Protect and Serve the Future

For over four decades, the WCSDPD has been serving the academic community. Continuing to upgrade technology and rigorous training has seen this department through numerous changes and one very nasty fire.


School Resource Officers (SRO) have become staples in many schools and law enforcement departments throughout the nation. These officers cross-over the divide between serving the adult community and serving the soon-to-be adult community. Although these officers often see their programs first on the cutting block when finances get tight, their positions are the ultimate in community-based policing. They are at the forefront of preventative policing due to working with a population that has the potential to fill up the prisons of the future.

Over four decades ago, one jurisdiction recognized the need for lower-education and law enforcement partnerships beyond an SRO program. This collaboration was the basis for the Washoe County (NV) School District Police Department (WCSDPD).

Department Demographics

The WCSDPD was established in 1971 and recently celebrated 40 years serving the academic community in this region which includes the Reno/Sparks metropolitan area. The district has 63 elementary schools, a special education school, 14 middle schools, 13 comprehensive high school, and eight public charter schools. 38 officers cover this 6,900 square mile jurisdiction of around 65,000 students and 8,700 teachers, administrators and support staff.

Partnerships

The WCSDPD show their dedication to collaboration in their mission statement explaining their goal “to provide a safe and secure learning environment, which promotes an atmosphere of trust between the multi-ethnic, multi-cultural school community and the police department.” Chief Mike Mieras explains further, “Our number one priority is student and staff safety and that’s what we focus on. We don’t get called out for things down the block. Our sole focus is our schools.”  Each of the district high schools has a full-time officer who works on-site 8 hours a day. The other schools are covered by the patrol division. Officers cover all athletic events, dances, bus stops and transportation. Their responsibilities start an hour before school and go to an hour after. The department maintains they are proactive in developing relationships intended “to foster positive and safe learning environments whereby our students receive a world-class education.” Police are encouraged to spend quality time interacting with and building positive relationships with staff, students and the community. WCSDPD focuses not only on the protection aspect of their occupation but also the service.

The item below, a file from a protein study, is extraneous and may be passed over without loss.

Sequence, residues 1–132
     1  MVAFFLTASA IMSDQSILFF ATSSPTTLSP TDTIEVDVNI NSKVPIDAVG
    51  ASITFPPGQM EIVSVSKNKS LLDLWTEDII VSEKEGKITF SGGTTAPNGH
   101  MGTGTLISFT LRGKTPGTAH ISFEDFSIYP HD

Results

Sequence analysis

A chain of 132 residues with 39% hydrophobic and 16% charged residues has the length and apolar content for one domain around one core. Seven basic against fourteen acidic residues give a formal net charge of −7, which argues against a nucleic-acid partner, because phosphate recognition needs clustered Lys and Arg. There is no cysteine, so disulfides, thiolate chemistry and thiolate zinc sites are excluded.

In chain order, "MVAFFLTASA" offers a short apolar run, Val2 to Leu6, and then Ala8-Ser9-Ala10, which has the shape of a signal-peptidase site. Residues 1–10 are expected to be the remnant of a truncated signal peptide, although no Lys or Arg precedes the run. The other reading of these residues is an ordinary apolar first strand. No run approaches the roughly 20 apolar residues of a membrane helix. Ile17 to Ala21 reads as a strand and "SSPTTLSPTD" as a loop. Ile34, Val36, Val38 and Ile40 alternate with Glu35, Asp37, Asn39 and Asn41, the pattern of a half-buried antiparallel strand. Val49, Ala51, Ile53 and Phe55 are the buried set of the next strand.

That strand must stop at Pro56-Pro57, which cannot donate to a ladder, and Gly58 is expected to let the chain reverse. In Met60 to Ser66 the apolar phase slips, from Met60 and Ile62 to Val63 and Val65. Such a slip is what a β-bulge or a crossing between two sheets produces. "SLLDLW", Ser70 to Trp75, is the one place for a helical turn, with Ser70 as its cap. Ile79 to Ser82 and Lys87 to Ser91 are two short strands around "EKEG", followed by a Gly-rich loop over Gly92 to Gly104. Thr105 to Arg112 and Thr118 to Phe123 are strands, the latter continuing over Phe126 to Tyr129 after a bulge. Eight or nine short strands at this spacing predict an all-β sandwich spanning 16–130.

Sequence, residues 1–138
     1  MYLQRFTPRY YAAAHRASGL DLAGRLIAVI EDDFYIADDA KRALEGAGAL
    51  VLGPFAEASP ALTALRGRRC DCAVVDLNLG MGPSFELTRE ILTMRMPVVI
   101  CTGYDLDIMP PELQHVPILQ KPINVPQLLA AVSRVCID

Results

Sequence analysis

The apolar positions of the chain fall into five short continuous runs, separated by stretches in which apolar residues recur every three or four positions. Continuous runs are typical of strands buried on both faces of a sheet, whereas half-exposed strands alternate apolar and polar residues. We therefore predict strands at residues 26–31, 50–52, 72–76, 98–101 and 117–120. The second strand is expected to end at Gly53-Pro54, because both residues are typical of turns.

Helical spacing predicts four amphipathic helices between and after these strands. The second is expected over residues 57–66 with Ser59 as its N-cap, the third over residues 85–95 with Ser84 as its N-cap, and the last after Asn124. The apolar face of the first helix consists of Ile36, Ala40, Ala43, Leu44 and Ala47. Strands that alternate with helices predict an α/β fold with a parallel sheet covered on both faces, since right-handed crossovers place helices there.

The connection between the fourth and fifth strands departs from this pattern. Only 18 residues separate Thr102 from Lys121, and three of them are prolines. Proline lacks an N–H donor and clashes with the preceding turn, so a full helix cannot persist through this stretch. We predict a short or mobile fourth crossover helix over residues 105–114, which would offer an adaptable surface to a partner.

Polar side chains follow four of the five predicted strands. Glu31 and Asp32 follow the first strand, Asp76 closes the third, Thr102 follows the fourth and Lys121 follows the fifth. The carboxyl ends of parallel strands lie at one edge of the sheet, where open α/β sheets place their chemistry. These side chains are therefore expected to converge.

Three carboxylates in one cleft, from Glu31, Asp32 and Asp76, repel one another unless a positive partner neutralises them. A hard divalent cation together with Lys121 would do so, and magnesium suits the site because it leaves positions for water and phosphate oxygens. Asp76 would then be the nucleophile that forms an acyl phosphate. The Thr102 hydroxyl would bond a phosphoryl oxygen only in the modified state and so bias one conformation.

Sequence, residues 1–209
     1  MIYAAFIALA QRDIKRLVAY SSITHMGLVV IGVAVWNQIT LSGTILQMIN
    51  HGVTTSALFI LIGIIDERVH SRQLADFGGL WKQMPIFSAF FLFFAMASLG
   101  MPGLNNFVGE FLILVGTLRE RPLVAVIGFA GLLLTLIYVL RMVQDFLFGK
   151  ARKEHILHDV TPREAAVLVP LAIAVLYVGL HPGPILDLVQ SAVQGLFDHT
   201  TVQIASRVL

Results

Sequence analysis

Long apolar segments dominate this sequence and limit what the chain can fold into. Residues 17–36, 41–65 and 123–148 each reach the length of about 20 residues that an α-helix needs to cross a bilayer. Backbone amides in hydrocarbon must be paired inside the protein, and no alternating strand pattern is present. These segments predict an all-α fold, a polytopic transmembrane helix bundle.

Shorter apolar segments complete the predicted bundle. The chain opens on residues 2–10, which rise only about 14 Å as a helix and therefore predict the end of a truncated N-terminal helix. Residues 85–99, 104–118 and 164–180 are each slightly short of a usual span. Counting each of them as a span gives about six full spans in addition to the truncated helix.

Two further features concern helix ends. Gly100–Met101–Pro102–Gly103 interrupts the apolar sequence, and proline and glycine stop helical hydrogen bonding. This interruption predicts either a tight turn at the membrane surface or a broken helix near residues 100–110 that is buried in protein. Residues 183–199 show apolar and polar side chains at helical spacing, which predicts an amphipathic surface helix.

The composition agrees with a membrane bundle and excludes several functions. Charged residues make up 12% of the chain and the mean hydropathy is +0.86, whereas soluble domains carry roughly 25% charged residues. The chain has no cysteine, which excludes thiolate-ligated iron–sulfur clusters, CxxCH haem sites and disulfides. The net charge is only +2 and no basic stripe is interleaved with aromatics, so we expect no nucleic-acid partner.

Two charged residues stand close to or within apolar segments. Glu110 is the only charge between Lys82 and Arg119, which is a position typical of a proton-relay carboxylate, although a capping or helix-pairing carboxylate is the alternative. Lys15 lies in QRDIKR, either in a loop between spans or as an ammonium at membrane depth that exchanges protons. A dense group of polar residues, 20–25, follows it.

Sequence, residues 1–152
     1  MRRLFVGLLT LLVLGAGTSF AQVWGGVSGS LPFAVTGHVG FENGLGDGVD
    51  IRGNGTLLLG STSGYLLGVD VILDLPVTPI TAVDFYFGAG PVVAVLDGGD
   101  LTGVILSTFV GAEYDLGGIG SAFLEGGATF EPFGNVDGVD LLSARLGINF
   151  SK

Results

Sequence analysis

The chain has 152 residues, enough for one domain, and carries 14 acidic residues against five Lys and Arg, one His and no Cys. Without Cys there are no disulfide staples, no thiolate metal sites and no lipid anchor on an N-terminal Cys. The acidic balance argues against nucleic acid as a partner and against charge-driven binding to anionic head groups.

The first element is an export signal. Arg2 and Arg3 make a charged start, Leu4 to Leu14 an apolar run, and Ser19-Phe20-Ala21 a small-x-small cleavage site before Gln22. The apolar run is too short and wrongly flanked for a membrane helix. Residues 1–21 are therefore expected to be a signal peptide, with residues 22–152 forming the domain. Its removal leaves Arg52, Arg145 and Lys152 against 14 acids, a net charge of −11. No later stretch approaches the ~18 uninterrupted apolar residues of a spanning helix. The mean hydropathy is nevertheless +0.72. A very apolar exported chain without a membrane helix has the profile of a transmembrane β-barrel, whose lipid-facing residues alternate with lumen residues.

Emergency Management

Due to nationally-publicized tragedies involving schools and an increased awareness necessary security measures, emergency management has become a focus in most academic institutions. WCSDPD applied for a grant six years ago from the Department of Education to address this issue. Granted almost a million dollars, the department now has a full-time police officer who does emergency management. The department conducts a school safety assessment annually to look at and make correction to any concerns.  Some of these concerns have been addressed with additional federal funding.

Secure out Schools (SOS)

The Community-Oriented Policing Office, a division of the Department of Justice, has granted nearly $913 million to law enforcement agencies, in partnerships with local school districts, to fund safety developments. WCSDPD received grant funding in both 2010 and 2011. The original SOS grant was used to put cameras in the high school and middle school. The second grant is being used to implement and improve the district’s anti-bullying programs. “Part of the grant, (is to) get better data on bullying in the schools,” states Mieras. “In our school district, we work closely with our counseling division.” Another portion of the grant is to replace the old system of locks inside the school. “If we have a lock-down situation or worse case scenario an active assailant, the teachers currently would have to step out in to the hallway, the danger zone, to lock the door,” explains Mieras. “With this new grant they can lock the door from inside the classroom.” In addition to these improvements, WCSDPD also uses funds to continuously train officers and staff to handle any emergency situation that might arise.

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